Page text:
# Re: gimp1.2: gimp package suggest non-free software

```On Wed, Nov 12, 2003 at 10:28:15AM -0600, Steve Langasek wrote:
> On Wed, Nov 12, 2003 at 12:41:10PM +0100, Roberto Suarez Soto wrote:
> > > Sure, keep lowering the quality of Debian in matter of freedom,
> > > there's no matter discussing that.
> > 	I don't see how making more packages available to our users is
> > "lowering the quality of Debian in matter of freedom".
> Oh, you think there's a positive correlation between quality and
> quantity, do you? ;)

Holding the average component quality constant, and increasing the
quantity should increase the overall quality, yes. If you take the
overall quality of Debian to be the chance it'll solve your problem,
then and if the probability of any given package addressing your problem
is "p", and each package's quality (ie, the probability of solving the
problems it addresses) is q_i, then your probability of a given package
addressing your problem is p * q_i, so the probability of a given package
in Debian not solving your problem is (1 - p * q_i), so if Q, the overall
quality, is the probability of Debian solving your problem, we have:

n
1 - Q = prod( 1 - p * q_i )
i=1

n
or	Q     = 1 - prod( 1 - p * q_i )
i=1

If we assume q_i is approximately constant, that's about:

n
Q    ~= 1 - prod( 1 - pq )
i=1

Q    ~= 1 - (1-pq)^n

The relationship between quantity (n) and quality (q, and Q) is reasonably
clear here.

But note that we're treating "Q" as "probability some package in Debian
that you can use Debian to solve your problem", which is slightly more
complicated, and should consider at least the following factors:

(a) How much effort does it take to find and use the package?

(b) Maybe I can't solve my problem with one package, but perhaps
I can put two or three or more packages together to solve it?

(b) is far too hard to worry about -- it reminds me of those horrible
problems in Physics where you have to worry about every possible path
particles could take to get from point A to point B. Yuck.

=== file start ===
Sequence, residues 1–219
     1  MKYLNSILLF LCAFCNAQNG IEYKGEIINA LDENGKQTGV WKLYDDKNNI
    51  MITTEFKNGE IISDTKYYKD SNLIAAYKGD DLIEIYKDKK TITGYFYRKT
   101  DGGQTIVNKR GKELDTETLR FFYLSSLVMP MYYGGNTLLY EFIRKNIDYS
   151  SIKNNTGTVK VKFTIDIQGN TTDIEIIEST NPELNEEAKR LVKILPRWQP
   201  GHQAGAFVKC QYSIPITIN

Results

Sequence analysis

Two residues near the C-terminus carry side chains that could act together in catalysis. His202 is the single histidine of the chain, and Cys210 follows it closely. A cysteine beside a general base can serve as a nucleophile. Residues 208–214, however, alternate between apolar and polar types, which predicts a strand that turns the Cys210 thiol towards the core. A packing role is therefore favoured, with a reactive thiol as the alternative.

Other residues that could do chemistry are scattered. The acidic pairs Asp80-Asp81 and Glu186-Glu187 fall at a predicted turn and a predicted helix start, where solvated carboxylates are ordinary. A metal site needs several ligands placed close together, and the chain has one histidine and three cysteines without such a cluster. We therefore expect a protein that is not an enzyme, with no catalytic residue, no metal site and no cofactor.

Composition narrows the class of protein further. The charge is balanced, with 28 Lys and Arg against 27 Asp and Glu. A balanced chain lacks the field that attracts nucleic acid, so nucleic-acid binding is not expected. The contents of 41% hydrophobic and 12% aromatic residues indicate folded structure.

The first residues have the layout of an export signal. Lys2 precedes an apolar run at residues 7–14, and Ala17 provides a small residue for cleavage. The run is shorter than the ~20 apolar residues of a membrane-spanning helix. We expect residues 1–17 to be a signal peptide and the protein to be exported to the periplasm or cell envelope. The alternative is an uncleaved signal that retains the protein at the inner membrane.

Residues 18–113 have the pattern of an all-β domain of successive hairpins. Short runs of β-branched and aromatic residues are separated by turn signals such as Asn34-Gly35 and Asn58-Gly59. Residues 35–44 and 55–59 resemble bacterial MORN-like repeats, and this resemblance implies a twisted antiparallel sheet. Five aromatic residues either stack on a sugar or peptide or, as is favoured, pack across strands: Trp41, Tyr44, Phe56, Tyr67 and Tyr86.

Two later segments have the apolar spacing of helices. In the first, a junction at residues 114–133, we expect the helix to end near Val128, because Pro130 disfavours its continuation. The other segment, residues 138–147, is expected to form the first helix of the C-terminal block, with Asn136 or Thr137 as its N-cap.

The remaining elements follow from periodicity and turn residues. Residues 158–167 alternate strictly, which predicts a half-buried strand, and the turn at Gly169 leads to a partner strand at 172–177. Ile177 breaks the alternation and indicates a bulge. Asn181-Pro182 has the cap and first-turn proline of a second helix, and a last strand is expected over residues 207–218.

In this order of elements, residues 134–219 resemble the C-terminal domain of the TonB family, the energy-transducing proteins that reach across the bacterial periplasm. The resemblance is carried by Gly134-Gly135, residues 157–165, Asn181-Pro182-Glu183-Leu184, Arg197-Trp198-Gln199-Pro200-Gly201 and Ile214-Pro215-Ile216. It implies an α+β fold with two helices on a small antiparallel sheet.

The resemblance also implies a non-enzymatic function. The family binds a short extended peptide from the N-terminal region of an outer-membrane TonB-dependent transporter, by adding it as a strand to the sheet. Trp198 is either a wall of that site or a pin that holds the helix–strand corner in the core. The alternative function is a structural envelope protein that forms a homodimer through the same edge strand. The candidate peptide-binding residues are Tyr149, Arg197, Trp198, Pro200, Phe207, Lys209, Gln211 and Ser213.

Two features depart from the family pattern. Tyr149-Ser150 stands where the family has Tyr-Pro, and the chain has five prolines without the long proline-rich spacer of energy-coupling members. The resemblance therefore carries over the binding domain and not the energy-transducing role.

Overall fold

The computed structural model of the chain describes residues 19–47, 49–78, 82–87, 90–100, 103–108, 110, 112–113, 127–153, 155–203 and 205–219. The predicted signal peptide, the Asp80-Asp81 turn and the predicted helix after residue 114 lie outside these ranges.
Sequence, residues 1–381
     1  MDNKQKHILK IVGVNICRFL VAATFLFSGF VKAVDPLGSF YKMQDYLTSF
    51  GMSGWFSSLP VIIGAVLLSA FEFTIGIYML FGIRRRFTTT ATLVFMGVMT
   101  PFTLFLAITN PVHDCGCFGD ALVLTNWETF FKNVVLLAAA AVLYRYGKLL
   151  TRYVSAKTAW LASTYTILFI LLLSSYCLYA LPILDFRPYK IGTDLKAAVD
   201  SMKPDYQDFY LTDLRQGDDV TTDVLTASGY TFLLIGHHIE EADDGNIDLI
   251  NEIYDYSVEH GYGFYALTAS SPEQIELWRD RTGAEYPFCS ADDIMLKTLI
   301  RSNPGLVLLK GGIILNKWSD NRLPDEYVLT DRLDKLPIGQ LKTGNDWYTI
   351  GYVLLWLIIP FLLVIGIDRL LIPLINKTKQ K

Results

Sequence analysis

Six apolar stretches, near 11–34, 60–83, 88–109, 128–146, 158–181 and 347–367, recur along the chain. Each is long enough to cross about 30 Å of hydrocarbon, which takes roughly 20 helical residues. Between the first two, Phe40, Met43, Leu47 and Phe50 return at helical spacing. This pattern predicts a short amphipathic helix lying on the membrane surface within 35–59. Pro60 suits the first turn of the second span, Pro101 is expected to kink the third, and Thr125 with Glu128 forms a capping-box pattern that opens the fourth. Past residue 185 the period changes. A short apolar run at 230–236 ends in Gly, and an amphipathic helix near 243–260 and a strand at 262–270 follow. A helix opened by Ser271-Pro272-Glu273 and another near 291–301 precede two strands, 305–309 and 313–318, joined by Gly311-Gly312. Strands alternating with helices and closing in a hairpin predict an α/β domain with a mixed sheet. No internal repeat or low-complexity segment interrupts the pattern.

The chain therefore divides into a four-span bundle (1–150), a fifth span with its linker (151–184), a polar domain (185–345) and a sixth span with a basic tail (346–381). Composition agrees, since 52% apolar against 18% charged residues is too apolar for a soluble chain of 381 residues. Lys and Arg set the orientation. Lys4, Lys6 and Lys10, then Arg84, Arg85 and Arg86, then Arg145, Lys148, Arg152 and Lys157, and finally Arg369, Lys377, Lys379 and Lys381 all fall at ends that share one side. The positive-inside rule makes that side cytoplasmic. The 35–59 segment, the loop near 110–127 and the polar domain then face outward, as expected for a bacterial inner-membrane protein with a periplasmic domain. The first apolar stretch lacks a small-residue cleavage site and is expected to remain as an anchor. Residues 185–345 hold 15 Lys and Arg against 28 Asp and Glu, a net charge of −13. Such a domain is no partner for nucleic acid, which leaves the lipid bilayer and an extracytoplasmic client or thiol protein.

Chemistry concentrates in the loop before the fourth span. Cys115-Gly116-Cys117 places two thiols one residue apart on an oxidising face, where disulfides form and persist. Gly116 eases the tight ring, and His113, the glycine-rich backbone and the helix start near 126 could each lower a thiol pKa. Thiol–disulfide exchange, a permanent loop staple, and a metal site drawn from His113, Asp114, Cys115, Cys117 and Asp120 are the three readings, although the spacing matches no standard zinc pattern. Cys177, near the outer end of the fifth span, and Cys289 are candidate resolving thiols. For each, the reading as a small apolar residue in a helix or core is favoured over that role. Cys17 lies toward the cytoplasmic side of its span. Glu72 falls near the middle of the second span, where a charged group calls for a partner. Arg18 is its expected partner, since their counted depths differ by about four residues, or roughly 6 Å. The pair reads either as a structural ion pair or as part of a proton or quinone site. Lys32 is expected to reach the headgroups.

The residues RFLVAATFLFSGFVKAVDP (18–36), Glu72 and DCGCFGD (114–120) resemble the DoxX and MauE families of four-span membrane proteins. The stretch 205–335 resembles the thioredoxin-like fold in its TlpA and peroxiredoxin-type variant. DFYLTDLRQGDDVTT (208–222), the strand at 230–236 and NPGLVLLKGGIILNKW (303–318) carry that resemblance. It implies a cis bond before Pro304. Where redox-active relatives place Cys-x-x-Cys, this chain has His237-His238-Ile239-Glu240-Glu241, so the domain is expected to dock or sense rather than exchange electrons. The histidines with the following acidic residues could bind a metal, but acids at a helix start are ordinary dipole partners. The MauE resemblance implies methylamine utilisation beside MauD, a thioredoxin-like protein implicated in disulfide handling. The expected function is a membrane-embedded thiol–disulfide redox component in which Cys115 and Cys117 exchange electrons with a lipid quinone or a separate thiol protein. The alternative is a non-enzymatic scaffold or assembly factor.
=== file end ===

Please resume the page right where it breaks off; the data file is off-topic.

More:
(a) is easier, though. It depends on two factors: how good our
descriptions and categorisations are, and how many packages we have. With
things like apt-cache search, and remotely respectable descriptions,
I'm inclined to think that we can pretty much treat this as a constant
effort to find the packages that address the problem; followed by a
linear effort to look through those packages to weed out the broken
ones. Hrm, my stats is too weak to work that out from first principles.
Man, do I suck. Oh well. The expected number of packages is that address
the problem is:

n
c = sum( i * p^i * (1-p)^(n-i) )
i=0

There are two approaches we could take then: one is to say "well, sure,
you get 100 possible packages, but if the first one you look at solves
your problem, then you'll stop", and factor in q_i calculations. I tend
to look through all the packages anyway to find the one that _best_
solves the problem for me, though, so the effort is proportional to n
for me, and the probability of success is 1-(1-q)^c.

So, the work that goes into it is:

n
sum( i * p^i * (1-p)^(n-i) )
i=0

and the expected payoff is:

~ 1 - (1-pq)^n
or
1-(1-q)^c

Hopefully this analysis will be helpful in evaluating future ITPs.

Cheers,
aj

--
Anthony Towns <aj@humbug.org.au> <http://azure.humbug.org.au/~aj/>
I don't speak for anyone save myself. GPG signed mail preferred.

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